She had pizzazz to spare and didn’t spare any of it during the recall campaign. She didn’t just rub two sticks together. She made sure one of them was a match. The lady lit a fire under everybody she talked to. Working on a political campaign means about half the electorate is going to hate you day in day out. She didn’t let it get her down. She had an agenda and a bogeyman. At night she made her plans for the next day while singing along to lurid Italian operas.
“My mother was an enthusiastic but terrible singer,” her daughter said.
When Dennis Kucinich stalled on demands to sell Municipal Power, the city’s publicly owned electric utility, not only did lawyers get involved the Cleveland Mob got involved, too. They brought in a hit man from Maryland to shoot him during a parade. Nothing came of it when the mayor was hospitalized for a few days and missed the event. He never really liked parades, anyway.
As the recall campaign got into full swing, Council President George Forbes and Dennis Kucinich argued about the merits of building a new ore dock for Republic Steel, except their arguments had nothing to do with the ore dock.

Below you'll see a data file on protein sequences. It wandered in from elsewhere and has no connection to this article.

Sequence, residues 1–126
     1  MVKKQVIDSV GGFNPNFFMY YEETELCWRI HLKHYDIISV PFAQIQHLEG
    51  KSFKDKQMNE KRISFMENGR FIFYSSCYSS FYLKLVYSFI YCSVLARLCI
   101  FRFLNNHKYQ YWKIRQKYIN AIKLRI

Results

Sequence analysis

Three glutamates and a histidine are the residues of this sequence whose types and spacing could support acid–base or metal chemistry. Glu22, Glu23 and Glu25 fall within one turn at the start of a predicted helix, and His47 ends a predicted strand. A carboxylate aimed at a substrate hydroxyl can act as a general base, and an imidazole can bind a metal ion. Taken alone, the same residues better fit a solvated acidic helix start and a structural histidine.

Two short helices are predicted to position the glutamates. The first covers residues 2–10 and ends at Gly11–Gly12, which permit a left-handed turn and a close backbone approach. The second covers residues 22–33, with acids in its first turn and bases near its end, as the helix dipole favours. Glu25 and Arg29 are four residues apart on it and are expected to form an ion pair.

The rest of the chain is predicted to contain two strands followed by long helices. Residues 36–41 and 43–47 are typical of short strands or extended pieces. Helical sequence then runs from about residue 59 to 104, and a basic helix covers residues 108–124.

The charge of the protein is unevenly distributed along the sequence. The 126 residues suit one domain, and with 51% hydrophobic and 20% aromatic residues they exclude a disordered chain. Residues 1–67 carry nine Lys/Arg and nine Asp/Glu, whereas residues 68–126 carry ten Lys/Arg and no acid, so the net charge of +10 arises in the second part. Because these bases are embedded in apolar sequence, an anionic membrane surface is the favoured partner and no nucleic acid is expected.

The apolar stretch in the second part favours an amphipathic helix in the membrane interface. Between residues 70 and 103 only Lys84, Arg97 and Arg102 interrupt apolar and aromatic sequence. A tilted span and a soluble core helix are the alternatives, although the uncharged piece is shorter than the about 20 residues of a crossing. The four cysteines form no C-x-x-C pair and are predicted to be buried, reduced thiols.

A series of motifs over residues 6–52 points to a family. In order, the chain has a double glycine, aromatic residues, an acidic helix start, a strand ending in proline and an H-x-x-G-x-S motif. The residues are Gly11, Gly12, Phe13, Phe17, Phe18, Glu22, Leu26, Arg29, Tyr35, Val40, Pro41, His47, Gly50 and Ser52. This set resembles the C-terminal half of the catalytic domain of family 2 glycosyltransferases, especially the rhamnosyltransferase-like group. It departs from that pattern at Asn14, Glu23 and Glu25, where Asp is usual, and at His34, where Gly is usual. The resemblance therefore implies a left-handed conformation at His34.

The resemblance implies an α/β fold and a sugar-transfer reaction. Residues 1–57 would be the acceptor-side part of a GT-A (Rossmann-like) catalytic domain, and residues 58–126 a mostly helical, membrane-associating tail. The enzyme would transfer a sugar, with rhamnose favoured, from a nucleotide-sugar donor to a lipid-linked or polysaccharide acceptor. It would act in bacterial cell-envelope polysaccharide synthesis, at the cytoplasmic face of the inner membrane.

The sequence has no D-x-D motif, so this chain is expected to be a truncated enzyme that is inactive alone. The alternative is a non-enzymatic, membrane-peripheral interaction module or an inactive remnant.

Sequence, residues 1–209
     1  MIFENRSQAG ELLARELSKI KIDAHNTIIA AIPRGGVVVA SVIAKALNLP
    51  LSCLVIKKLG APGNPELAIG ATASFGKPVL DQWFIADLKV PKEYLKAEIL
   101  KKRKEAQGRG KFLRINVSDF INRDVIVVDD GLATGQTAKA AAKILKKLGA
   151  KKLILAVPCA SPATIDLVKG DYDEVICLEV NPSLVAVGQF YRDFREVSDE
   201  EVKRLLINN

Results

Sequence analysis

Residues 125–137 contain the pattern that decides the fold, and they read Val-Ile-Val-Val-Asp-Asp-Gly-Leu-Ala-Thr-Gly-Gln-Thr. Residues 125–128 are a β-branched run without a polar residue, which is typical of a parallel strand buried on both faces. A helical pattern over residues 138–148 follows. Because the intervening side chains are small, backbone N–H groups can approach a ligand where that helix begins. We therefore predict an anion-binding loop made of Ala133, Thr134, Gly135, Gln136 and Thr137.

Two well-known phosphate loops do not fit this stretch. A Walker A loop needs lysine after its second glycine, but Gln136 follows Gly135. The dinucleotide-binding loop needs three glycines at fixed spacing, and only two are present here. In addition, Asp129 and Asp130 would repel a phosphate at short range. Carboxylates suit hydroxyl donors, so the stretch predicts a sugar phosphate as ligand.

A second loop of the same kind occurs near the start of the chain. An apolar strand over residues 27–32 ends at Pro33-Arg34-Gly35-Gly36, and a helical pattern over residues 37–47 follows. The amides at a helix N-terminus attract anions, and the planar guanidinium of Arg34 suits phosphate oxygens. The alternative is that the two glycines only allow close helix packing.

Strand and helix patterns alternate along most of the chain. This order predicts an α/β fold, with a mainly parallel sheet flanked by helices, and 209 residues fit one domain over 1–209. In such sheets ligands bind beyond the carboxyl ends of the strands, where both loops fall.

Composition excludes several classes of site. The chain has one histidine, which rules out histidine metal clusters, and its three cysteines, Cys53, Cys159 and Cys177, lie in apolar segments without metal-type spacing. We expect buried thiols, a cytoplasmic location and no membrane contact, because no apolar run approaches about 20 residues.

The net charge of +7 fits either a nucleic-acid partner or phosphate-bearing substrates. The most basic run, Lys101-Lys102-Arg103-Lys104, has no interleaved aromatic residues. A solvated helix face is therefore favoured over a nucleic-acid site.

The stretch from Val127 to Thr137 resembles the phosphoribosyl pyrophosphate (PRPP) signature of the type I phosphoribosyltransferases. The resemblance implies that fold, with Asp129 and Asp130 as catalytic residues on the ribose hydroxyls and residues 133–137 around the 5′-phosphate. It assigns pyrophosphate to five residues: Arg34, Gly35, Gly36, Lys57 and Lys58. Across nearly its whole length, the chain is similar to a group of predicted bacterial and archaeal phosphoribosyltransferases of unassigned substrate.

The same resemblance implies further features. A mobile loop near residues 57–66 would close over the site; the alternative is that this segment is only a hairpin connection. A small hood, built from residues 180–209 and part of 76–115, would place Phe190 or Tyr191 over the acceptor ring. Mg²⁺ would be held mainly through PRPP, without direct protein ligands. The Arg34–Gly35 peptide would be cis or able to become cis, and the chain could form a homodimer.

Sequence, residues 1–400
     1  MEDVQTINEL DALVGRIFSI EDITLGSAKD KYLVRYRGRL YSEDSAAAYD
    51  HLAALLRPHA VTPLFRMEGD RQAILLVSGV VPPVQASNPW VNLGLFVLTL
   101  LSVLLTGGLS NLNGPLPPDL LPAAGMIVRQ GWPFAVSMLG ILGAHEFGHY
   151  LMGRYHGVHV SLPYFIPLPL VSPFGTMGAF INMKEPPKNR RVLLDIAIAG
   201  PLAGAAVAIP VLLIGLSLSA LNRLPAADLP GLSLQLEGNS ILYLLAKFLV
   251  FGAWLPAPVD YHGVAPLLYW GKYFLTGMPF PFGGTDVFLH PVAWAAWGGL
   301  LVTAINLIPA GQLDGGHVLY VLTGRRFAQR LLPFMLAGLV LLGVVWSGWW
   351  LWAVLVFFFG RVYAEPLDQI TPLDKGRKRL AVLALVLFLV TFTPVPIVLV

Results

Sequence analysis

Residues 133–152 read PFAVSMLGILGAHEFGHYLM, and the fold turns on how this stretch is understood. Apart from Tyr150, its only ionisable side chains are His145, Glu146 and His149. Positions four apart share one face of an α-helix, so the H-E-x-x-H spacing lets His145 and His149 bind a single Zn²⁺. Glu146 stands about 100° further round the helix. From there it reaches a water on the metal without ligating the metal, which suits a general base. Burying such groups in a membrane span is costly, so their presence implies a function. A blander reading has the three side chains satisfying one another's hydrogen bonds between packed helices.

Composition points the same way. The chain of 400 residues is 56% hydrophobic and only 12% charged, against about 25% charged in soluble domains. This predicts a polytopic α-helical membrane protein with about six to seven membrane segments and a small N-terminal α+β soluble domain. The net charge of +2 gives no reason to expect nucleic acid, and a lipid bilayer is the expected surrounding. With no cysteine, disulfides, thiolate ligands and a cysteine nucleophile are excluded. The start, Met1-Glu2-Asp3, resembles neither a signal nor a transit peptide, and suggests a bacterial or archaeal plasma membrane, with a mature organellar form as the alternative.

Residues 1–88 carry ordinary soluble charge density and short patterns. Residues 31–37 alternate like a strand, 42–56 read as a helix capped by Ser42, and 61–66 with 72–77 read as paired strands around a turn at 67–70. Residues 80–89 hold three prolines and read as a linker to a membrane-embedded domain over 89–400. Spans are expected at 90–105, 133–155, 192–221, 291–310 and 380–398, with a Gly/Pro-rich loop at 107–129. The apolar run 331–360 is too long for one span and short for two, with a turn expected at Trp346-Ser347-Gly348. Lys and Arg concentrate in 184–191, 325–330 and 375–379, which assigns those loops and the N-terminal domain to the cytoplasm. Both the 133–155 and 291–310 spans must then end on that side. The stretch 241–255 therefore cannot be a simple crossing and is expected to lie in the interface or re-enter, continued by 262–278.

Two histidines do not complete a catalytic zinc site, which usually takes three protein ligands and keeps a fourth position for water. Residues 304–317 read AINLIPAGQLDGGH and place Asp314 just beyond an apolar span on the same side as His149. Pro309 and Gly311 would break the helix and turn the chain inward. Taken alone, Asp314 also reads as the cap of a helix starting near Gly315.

“Stick to the issue,” George Forbes said.
“Mr. Chairman, I determine the issue,” Dennis Kucinich said.
“Not in this chamber,” George Forbes retorted.
“You will permit me to continue my remarks,” Dennis Kucinich said.
“Just one moment,” George Forbes complained.
“You have no ability to censor my remarks,” Dennis Kucinich explained.
George Forbes didn’t like that. His dark face got darker. He ordered the mayor’s microphone shut off. Dennis Kucinich and his aides stormed out. When all the hot air was said and done, Republic Steel walked away from Cleveland and built a new ore dock in Lorain.
“The best and longest running show in town isn’t at Playhouse Square,” Roldo Bartimole, who wrote the newsletter Point of View, said. “It’s at Cleveland City Hall. The admission is free.”